October is recognized as National Domestic Violence Awareness Month (DVAM). Domestic Violence Awareness Month evolved from the first Day of Unity observed in October 1981 by the National Coalition Against Domestic Violence (NCADV). The intent was to connect battered women’s advocates across the nation who was working to end violence against women and their children. The Day of Unity soon became a special week when a wide range of activities was conducted at the local, state, and national levels. Although these activities were varied and diverse as the programs sponsors they all shared these common themes: Mourning those who died as a result of domestic violence, celebrating those who have survived domestic violence, and connecting those who work to end domestic violence.
In October 1987, the first national Domestic Violence Awareness Month was held. In conjunction, the same year the first national toll-free hotline was begun. In 1989, Congress passed the first DVAM commemorative legislation and it has been passed every year since. The Day of Unity is now celebrated the first Monday in October.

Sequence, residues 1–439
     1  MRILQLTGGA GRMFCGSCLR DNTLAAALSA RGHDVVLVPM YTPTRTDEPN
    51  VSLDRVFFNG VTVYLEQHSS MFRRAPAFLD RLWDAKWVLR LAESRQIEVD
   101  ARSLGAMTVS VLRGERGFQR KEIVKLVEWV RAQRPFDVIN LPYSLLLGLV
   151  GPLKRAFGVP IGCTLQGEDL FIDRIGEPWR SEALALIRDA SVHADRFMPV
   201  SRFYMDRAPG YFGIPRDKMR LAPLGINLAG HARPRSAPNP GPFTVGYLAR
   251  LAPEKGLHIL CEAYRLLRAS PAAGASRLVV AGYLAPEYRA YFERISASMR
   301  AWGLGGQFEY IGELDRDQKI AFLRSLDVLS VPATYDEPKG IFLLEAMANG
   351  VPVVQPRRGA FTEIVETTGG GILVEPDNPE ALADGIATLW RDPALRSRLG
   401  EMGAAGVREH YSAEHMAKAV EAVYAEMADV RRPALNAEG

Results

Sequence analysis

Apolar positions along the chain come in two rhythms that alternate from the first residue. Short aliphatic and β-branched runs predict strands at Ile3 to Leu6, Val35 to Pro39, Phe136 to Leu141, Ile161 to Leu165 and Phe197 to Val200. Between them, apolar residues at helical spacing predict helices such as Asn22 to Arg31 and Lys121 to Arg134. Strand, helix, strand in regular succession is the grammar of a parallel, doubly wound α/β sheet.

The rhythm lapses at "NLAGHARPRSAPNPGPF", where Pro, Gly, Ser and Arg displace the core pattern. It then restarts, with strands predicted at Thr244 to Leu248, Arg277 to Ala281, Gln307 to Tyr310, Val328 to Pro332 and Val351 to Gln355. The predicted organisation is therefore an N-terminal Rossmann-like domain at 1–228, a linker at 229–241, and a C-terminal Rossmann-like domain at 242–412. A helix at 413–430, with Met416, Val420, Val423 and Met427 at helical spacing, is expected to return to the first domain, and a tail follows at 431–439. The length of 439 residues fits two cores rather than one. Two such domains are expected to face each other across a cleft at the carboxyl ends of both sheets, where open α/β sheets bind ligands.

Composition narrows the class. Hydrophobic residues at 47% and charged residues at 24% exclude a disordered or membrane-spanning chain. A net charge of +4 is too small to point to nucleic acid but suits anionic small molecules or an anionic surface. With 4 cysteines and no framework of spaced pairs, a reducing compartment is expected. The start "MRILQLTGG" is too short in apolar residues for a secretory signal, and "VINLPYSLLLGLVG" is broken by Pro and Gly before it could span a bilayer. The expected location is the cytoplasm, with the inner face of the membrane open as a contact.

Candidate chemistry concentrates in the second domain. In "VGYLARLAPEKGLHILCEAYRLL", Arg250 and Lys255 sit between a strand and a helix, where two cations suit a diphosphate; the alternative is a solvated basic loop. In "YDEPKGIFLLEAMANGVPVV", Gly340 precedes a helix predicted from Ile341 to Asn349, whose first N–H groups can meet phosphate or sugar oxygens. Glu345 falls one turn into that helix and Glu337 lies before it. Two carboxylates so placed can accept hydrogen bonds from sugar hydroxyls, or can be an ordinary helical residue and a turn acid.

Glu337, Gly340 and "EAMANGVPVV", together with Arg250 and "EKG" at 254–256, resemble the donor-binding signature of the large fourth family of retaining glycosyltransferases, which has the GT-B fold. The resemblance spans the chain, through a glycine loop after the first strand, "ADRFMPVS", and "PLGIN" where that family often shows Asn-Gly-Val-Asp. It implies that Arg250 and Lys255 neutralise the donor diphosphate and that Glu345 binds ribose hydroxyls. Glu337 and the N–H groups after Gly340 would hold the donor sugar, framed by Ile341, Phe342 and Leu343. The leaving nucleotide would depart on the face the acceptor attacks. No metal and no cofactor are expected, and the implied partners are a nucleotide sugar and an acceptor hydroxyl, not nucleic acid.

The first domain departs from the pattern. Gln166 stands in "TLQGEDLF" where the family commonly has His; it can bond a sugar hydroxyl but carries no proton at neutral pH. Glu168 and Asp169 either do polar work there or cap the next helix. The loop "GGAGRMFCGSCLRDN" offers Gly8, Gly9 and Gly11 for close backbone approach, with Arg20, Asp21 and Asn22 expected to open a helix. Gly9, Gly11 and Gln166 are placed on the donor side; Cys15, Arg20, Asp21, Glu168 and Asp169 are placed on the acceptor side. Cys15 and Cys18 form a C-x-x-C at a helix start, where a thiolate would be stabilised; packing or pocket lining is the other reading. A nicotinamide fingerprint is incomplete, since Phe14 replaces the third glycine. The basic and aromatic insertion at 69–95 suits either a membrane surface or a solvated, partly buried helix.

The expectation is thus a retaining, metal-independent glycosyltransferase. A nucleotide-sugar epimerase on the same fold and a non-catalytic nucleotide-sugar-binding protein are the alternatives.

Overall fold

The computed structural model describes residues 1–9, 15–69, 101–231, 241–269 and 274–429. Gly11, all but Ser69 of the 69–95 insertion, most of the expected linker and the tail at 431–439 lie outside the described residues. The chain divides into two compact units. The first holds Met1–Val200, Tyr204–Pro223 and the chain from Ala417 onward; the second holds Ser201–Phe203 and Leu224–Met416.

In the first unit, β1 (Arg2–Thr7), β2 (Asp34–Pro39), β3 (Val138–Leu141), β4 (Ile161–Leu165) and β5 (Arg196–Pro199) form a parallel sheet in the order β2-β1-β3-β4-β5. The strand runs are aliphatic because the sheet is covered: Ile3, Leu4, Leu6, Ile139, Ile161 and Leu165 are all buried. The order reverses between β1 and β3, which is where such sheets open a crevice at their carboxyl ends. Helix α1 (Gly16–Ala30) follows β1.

Every October, hundreds of DVAM activities are planned across the nation. National, statewide, and community based domestic violence prevention and victim service organizations mark DVAM with recognition ceremonies, memorial activities, and public education campaigns, community outreach events, news conferences and much more. (Adapted From National Resource Center’s DVAM Tips Tactics and Resources 2001)